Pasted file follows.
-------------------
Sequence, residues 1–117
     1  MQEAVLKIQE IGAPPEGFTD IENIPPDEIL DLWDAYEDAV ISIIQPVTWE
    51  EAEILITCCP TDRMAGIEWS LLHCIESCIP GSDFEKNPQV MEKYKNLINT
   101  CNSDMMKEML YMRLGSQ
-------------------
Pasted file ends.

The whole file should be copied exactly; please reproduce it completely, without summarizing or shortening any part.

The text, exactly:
Sequence, residues 1–117
     1  MQEAVLKIQE IGAPPEGFTD IENIPPDEIL DLWDAYEDAV ISIIQPVTWE
    51  EAEILITCCP TDRMAGIEWS LLHCIESCIP GSDFEKNPQV MEKYKNLINT
   101  CNSDMMKEML YMRLGSQ